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Exploring the Sights: David Murdock’s Reflections on Driving and Being Driven

On several occasions within the past month, my brother and I have traveled to Birmingham. Typically, I handle the driving for my journeys, but whenever we venture out together, Greg takes the wheel. Experiencing the role of a passenger rather than the driver is a rare delight for me.

While driving, one’s primary focus is on the road and surrounding traffic. Decades ago, when my father taught me how to drive, he emphasized the importance of this aspect.

My father, a trucker who always referred to himself as a “professional driver,” often spoke about maintaining a comprehensive awareness of the traffic environment surrounding you.

During those lessons, he would spontaneously quiz me about the actions of other vehicles nearby. He possessed an uncanny ability to anticipate their movements. As a result, I remain acutely aware of the positions and speeds of other vehicles relative to mine.

Do I observe my surroundings? Certainly. However, during my daily commute, my attention is primarily drawn to exceptional occurrences. When embarking on a road trip, I tend to notice more details, albeit at a slower pace.

When Greg assumes the role of the driver, my observational skills are heightened. Furthermore, these occasions afford me the luxury of engaging in leisurely conversations with him, a rare treat that deserves its own separate discussion.

I am more inclined to notice distant elements off the road when Greg is behind the wheel.

Now, at this juncture in my narrative, I face a divergence in the “writing road” – I could delve into the specifics of our recent trips, or I could provide an overview of the entire experience.

The topics of our conversations have already been dismissed. Generally, I tend to spot something new, inquire about it if needed, and tap into Greg’s wealth of travel knowledge to learn about its history. He usually has the answers.

We often reminisce about various locations we pass by. On our last journey, passing by a Jack’s diner sparked a memory for me, leading to a story about why I frequented that particular spot.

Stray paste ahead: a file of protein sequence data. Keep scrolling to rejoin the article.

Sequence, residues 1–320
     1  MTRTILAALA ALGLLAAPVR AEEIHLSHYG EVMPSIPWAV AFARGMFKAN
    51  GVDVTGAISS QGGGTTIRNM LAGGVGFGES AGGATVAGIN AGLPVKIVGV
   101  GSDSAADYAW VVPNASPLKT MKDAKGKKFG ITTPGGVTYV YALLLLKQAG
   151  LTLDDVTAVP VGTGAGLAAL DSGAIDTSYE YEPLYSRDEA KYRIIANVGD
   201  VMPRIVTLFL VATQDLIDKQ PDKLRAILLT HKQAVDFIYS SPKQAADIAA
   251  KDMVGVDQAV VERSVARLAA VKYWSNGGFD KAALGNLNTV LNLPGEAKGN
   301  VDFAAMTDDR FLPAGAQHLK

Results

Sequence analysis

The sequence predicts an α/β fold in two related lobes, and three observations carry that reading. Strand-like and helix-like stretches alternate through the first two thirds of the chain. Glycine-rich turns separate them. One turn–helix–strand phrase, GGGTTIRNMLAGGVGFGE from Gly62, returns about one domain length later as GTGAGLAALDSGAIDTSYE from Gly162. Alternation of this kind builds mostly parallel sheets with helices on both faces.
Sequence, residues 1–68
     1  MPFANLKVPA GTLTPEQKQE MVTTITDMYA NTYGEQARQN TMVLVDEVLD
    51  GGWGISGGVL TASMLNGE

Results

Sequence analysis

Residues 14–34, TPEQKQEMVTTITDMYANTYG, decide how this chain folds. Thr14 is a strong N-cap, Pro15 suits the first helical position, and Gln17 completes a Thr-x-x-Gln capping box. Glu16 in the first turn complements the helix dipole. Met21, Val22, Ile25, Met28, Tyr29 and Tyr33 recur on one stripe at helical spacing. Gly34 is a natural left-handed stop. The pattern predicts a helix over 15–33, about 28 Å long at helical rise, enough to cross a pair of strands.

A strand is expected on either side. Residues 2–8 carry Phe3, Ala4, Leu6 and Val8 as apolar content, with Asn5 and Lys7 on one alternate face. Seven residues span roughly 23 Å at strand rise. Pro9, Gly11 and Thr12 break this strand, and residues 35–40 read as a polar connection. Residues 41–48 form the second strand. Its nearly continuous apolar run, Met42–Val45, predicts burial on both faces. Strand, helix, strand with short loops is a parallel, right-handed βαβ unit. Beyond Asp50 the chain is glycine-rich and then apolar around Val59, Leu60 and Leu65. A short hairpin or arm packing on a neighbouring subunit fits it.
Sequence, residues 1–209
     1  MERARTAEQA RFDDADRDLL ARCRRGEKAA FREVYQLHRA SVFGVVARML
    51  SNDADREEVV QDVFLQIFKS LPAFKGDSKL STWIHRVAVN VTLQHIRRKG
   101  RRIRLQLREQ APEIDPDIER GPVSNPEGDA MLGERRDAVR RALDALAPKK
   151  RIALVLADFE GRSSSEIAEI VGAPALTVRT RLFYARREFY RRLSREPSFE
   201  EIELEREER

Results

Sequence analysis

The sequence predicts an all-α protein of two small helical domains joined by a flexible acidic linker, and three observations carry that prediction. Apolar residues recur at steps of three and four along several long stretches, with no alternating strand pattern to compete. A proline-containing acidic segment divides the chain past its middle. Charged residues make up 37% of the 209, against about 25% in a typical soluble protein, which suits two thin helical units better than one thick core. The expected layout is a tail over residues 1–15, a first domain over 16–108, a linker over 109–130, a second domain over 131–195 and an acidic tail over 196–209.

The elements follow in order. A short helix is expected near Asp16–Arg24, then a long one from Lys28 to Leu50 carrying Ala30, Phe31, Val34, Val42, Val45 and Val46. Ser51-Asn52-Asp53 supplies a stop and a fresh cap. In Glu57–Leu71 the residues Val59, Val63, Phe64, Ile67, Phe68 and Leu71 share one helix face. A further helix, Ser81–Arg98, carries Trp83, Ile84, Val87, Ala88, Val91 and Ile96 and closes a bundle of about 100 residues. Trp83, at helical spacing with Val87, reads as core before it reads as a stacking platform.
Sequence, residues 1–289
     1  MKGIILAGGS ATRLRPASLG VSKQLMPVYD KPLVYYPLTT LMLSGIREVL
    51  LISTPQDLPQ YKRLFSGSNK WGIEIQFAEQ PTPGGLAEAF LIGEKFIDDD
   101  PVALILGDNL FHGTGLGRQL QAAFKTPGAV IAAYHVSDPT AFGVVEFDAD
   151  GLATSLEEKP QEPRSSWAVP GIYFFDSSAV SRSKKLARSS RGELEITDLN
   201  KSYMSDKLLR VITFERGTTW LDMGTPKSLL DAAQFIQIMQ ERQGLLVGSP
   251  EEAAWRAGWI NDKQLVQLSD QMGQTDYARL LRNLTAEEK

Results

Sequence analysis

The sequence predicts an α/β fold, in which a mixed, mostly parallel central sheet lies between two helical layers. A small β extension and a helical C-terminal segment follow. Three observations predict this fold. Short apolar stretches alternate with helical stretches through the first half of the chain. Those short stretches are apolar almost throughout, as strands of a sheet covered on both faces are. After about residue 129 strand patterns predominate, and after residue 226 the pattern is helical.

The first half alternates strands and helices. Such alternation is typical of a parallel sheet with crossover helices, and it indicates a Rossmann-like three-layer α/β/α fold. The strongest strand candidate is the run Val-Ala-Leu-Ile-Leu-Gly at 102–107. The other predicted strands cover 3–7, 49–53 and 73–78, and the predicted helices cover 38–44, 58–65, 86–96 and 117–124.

The most significant disparity for me between driving and being driven lies in the aspect of sightseeing. Riding with Greg allows me to unwind completely and appreciate the surroundings in a way that would be challenging if I were driving myself to Birmingham. This experience becomes more immersive as we approach Birmingham itself, a city I seldom visit, offering a plethora of sights to behold.

I understand that many of you residing in Etowah County or nearby might not grasp the novelty of my perspective. While numerous individuals here commute to Birmingham daily for work or frequent the city for various activities, I do not share the same routine. Hence, nearly everything along the route is a fresh sight for me.

The intriguing part is that when I do drive to Birmingham myself, I often return with a list of queries for Greg about the things I observed en route.

During our last trip, I couldn’t shake the feeling that there must be a profound life lesson embedded in this observation. The closer we got to home, the more intense this realization became. By the time Greg dropped me off at my place, the epiphany was overwhelming.

Beyond the obvious disparity between driving and being driven, my contemplations veered towards the multifaceted meanings of “to drive” in our cultural lexicon. We often attribute “driven” to individuals with a fervent determination to achieve their goals, a concept that, to me, sounds draining. However, in my personal experiences, any endeavor I describe as “driven” brings me immense joy. It’s akin to traveling with my brother at the wheel – an opportunity to observe and appreciate details that might otherwise go unnoticed.

This metaphor extends seamlessly to various aspects of life. For instance, my passion for reading and writing embodies a dynamic interplay between being driven and driving. Reading represents being driven, while writing symbolizes taking the lead. I derive immense pleasure from absorbing the thoughts of others through reading, just as I relish articulating my own perspectives through writing. My journals are a testament to this cycle of absorbing and creating.

The revelations that emerge during my reading never fail to astound me. Just recently, while perusing a book, the author referenced a John Donne poem. Although I had previously read all of Donne’s poetry, I had never grasped that particular interpretation, prompting me to revisit the entire poem. This experience is akin to exploring a side road out of curiosity, much like the detours we take while journeying to Birmingham with Greg at the helm.

As I’ve mentioned previously, my life seems to be unfolding like a path – where roads simply represent paved trails.

David Murdock is an English instructor at Gadsden State Community College. He can be contacted at [ppp2]. The opinions expressed are his own.